I'm my dad's spitting image. My fair skin, strawberry blond hair, analytical mind, and impatience with all things not just-so come straight from him. Anyone who knows me and knows him knows that I am my father's daughter. The fact that I am made in his image does not get diminished at all because I am female.

The same is true for being made in God's image. Women and men equally are made in God's image, a characteristic and identity that's not tied to our sex: "Male and female he made them," all of us, in his image.

Being made in God's image entails far more significant qualities than our sex.

Being made in God's image means, among other things, that we are moral beings, able to have consciousness of right and wrong, good and evil. It means we share a vocation as vice-regents in the stewardship of his creation. It means that we are eternal, created to live forever. We are creative like our Creator, co-creators in multiplying his image-bearers. Like God, we love and hate and anger and hurt in ways that can't be explained merely by firing neurons and surging chemicals. We have language, and that language shapes us as we shape the world through our words. It means we can recognize and appreciate beauty. We long.

None of these characteristics of God, reflected in the creatures that bear his image, are confined to one sex or the other. I am no less made in my earthly father's image in being female than I am in being made in my heavenly Father's image.

Yet some purport that in order for us to understand the fullness of woman being created in God's image, it's helpful to refer to God "herself." Of course, the call for gender-neutral language has been around for nearly half a century. (I generally favor its use as it relates to human beings, although "I will make you fishers of persons" will never sound quite right to these ears.) In the most recent iteration of the debate over God's pronouns and names, I was surprised to learn that some Christians claim that other Christians are teaching that women aren't made in God's image. I have not been able to find anyone making this assertion. Some interpret this view as an implication of complementarian thinking, though the Council of Biblical Manhood and Womanhood (with whom I disagree on other substantial issues) does not take this position.

So let's be clear: We need not refer to God as female to understand that women are fully made in God's image. The reality of my being made in my father's image—whether my earthly father or my heavenly one—does not depend on my referring to either as "she." By way of analogy, the fact that my husband is more nurturing and romantic than I does not render him "she," nor me "he."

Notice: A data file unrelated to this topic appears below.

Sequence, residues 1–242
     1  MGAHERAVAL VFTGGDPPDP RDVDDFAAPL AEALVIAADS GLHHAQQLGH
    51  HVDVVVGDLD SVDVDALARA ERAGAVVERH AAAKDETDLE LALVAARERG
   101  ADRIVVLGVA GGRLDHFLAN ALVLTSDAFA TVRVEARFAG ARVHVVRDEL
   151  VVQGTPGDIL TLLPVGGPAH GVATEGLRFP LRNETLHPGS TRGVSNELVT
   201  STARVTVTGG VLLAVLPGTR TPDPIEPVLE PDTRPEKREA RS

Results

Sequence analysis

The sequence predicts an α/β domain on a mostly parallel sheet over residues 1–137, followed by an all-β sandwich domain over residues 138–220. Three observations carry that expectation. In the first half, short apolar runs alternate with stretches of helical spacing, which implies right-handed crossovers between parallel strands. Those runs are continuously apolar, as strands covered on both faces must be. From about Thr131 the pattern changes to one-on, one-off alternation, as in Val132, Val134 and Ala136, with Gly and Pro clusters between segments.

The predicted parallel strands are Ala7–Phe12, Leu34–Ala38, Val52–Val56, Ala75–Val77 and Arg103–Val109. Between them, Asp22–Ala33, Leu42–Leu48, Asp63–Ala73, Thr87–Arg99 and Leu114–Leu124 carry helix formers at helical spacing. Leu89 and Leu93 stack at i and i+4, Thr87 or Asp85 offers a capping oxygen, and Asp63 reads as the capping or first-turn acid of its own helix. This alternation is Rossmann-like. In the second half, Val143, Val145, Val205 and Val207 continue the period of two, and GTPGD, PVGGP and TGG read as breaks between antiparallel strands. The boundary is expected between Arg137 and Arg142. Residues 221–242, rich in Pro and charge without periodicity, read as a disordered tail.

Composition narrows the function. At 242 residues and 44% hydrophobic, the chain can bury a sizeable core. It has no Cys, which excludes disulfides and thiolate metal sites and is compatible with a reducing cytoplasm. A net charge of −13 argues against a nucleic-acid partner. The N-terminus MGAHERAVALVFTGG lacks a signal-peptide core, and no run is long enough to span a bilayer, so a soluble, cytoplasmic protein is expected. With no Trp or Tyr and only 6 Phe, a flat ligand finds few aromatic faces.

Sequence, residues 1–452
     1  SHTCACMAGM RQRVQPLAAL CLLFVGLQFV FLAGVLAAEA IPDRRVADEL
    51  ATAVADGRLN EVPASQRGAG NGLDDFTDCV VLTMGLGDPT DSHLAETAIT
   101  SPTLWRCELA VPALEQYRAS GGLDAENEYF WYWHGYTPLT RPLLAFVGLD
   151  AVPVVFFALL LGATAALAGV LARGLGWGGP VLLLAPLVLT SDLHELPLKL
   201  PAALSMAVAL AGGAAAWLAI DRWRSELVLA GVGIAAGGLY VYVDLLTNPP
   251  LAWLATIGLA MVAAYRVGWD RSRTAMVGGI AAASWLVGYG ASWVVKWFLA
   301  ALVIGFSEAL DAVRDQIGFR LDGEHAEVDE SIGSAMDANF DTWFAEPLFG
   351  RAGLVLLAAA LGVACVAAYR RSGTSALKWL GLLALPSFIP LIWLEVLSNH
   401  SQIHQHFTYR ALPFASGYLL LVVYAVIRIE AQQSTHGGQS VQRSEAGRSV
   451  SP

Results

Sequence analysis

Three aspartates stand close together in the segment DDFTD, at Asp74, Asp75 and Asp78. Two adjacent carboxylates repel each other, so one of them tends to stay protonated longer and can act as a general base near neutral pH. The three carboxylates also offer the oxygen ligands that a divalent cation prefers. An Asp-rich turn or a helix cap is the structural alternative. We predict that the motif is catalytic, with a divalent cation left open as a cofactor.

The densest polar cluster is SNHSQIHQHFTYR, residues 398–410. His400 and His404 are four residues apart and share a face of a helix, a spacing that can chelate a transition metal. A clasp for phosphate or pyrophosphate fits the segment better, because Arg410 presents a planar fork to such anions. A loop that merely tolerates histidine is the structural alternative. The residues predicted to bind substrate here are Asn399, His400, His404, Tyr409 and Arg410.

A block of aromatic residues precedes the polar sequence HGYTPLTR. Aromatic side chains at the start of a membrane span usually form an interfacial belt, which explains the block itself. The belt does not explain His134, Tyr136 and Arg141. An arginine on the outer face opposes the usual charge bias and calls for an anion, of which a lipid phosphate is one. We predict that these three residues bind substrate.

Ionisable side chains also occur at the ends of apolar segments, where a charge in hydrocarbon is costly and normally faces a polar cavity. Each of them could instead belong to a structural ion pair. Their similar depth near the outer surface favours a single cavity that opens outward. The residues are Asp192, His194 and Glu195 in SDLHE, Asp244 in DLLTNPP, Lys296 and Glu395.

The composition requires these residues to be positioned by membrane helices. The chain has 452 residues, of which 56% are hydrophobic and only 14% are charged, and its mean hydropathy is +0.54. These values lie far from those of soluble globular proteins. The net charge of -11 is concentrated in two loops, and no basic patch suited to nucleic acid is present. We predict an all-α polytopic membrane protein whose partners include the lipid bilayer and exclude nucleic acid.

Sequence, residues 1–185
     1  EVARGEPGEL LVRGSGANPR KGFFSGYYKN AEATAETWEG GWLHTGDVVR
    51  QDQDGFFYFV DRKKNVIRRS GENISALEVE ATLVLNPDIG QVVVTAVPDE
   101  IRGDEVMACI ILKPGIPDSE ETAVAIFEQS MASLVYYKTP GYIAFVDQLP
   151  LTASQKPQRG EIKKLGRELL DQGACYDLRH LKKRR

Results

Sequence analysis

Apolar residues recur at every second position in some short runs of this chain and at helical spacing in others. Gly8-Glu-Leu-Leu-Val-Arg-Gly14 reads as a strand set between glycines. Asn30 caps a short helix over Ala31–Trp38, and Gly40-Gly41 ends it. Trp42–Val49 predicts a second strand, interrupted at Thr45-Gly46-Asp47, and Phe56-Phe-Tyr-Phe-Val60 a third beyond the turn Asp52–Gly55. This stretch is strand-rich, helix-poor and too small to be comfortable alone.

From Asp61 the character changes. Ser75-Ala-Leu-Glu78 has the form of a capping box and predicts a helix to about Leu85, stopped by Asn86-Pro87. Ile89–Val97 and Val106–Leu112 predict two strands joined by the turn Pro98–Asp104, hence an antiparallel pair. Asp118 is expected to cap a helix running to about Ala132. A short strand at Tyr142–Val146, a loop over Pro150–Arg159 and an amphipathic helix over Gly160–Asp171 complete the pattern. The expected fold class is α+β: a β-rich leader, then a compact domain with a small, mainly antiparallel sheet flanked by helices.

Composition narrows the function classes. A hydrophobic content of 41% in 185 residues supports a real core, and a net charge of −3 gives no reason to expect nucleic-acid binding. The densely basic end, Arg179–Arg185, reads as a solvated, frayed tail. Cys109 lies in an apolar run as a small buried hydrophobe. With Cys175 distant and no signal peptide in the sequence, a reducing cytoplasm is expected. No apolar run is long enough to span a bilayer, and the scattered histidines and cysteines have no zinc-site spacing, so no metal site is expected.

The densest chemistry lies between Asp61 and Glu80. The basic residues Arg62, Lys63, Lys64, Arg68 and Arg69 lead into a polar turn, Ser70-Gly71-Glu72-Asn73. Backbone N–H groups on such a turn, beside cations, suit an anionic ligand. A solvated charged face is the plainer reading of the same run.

Furthermore, while God, as Spirit, is sexless, his names are gendered. The terms "sex" and "gender" are commonly conflated, particularly by Christians who often are uncomfortable using the former term; "sex" refers to biological function while "gender" refers to socially and culturally constructed roles, in addition to its use in grammar which is also related to the topic at hand. Thus, as my colleague at Liberty Baptist Theological Seminary, Gary Yates, points out, "All language about God is analogical in some sense."

We can know something about everyone, including God, by their names—but not everything. Yet, in our attempt to know and understand one another through language, it is not within our right to change anyone's name, least of all God's. A high view of Scripture, therefore, demands that we address God in the terms used by the inspired writers of his word. Whether their language reflects the gender of the Hebrew language or reflects the patriarchal views or both, God chose these writers in that time and place to record his word.

Even the abundance of lush feminine imagery used in the Bible to convey God's character does not give us license to change the gender of his names. One of the most compelling examples of feminine imagery for God to be found in the canon of Western literature, a text I teach regularly, is Revelations of Divine Love by Julian of Norwich, a 14th-century mystic and anchoress.

Appearing in both a short text and a later expanded work, Revelations describes both God and Jesus as a Mother, using evocative, instructive, but extra-biblical imagery. Julian's poetic descriptions of God's great love are powerful and transformative, but her use of the term "Mother" in reference to God and Christ is not biblically warranted. Nevertheless, Julian's work is an important piece in the history of Christian literature from both a literary and a historical perspective. The work is excellent evidence that the Scriptures are central to a robust theology and that denying access to those scriptures and sound scriptural teaching will leave a void that will not go unfilled. Revelations of Divine Love also demonstrates that women have voices, those voices will be spoken, and to oppress women or hinder their learning or leadership will only set back the church and the world.

If fallen humanity has wielded God's language and character as bludgeons against women (or any people), then such injustices must be corrected. Yet we must not try to remedy injustice with error. If we do we unwittingly strengthen the hands of those wielding the bludgeons. We need not employ wrong-headed—or wrong—strategies to achieve right ends.

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